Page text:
AstraZeneca's Farxiga Drug For Type 2 Diabetes Cuts Heart-Related Complications

AstraZeneca's Farxiga Drug For Type 2 Diabetes Cuts Heart-Related Complications

In the interim, however, the pharma sponsored the CVD-REAL study, which pulled data from health claims, registries and other medical records to assess the outcomes of over 300,000 patients across six countries, including the USA and the United Kingdom.

More than 400 million people worldwide have diabetes, of whom at least 90 percent have type 2.

AstraZeneca PLC reported data from a significant study with its diabetes drug Farxiga, showing that the drug reduces hospitalisation for heart failure and death from patients with type-2 diabetes. Real-world data from this study provide striking evidence that the newer SGLT-2i class of medicines cuts the rate of hospitalizations for heart failure and death by approximately half.

The analysis for hospitalization for heart failure was conducted on patient data from Denmark, Germany, Norway, Sweden, U.K. and the U.S., while the analysis for death from heart failure was conducted on patient data from Denmark, Norway, Sweden, U.K. and the U.S. Around 42% of the patients were on AstraZeneca's Farxiga, around 53% on JNJ's Invokana, and rest on Jardiance. That's why a 2015 study demonstrating that Lilly and Boehringer's Jardiance significantly reduced the risk of cardiovascular deaths generated excitement around the prospects of the SGLT-2 drugs. The heart benefit has since been incorporated into Jardiance's label.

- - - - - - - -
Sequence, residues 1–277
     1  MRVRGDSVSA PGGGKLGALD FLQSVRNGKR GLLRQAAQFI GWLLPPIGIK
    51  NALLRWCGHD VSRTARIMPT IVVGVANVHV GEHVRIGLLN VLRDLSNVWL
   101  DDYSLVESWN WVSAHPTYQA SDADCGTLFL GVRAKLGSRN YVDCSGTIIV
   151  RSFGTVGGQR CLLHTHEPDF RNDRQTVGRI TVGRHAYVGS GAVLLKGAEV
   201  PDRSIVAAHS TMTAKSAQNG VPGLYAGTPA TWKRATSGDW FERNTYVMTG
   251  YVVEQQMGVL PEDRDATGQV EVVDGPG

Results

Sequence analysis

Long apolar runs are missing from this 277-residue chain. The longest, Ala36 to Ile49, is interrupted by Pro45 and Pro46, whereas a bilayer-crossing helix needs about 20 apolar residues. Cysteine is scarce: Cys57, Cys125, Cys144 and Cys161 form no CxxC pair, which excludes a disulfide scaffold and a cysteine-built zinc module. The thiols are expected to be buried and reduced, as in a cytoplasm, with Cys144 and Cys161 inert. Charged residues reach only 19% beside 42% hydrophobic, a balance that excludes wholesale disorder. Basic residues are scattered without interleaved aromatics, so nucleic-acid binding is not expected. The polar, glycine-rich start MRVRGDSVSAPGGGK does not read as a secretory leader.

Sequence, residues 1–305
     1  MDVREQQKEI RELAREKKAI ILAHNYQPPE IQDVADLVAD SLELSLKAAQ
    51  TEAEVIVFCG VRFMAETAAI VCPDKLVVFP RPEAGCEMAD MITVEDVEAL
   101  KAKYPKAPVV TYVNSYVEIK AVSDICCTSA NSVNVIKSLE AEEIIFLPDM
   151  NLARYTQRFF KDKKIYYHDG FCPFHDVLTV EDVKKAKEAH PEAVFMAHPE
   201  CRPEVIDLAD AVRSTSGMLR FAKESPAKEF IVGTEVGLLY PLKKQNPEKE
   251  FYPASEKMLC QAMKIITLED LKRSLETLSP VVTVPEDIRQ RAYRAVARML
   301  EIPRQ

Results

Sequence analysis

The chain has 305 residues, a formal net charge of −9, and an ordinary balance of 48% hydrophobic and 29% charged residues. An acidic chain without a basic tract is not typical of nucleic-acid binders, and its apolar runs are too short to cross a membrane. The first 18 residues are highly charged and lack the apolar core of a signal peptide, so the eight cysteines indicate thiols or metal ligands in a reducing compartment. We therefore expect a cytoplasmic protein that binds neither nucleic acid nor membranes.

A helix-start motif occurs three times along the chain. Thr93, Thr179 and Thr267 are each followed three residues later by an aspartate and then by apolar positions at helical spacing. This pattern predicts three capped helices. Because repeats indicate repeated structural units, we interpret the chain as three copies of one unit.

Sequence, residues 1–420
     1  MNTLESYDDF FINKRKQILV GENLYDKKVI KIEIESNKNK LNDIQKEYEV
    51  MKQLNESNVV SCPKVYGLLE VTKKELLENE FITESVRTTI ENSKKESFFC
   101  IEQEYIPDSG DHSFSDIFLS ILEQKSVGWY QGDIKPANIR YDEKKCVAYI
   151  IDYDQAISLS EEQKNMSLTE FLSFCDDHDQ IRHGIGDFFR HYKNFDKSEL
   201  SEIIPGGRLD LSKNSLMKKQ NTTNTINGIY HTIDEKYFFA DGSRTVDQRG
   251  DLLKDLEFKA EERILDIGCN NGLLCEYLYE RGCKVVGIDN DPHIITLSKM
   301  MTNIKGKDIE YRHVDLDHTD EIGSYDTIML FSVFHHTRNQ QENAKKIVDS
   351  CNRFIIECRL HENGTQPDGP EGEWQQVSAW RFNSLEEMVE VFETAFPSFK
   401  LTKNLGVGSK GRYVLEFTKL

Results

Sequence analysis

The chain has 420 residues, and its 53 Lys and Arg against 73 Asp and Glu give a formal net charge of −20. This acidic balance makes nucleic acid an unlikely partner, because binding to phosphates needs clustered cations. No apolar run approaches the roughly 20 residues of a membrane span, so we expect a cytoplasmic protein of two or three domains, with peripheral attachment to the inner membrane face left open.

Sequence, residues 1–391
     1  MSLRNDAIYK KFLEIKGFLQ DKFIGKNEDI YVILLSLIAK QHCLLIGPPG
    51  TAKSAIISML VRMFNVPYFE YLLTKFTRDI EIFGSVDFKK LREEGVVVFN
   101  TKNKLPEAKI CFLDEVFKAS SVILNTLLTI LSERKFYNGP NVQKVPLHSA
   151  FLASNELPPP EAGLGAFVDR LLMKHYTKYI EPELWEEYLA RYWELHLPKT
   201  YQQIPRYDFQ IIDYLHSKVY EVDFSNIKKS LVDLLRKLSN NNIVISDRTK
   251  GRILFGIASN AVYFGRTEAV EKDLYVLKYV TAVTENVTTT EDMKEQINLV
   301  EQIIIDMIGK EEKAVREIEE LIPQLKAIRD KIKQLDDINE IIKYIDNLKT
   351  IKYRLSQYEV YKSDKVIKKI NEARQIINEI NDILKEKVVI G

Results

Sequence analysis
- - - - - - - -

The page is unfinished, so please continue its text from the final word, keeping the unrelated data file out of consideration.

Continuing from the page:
The Empa-Reg Outcome reflected that Jardiance reduced cardiovascular deaths by 38 percent.

AstraZeneca is conducting its own large clinical trials to determine the heart effect of Farxiga with results expected in 2019.

"The fact that the results are remarkably consistent from country to country regardless of which compound predominates, that certainly seems to suggest that it's a class effect", said Kosiborod, a cardiologist from Saint Luke's Mid America Heart Institute in Kansas City.

Patients treated with Farxiga, Invokana or Jardiance were compared to those taking other medications for type 2 diabetes, such as insulins or DPP-4s. The data were presented at the American College of Cardiology 66th Annual Scientific Session. Most of the patients on SGLT-2s received either Farxiga or Invokana, while fewer than 10% of patients took Jardiance.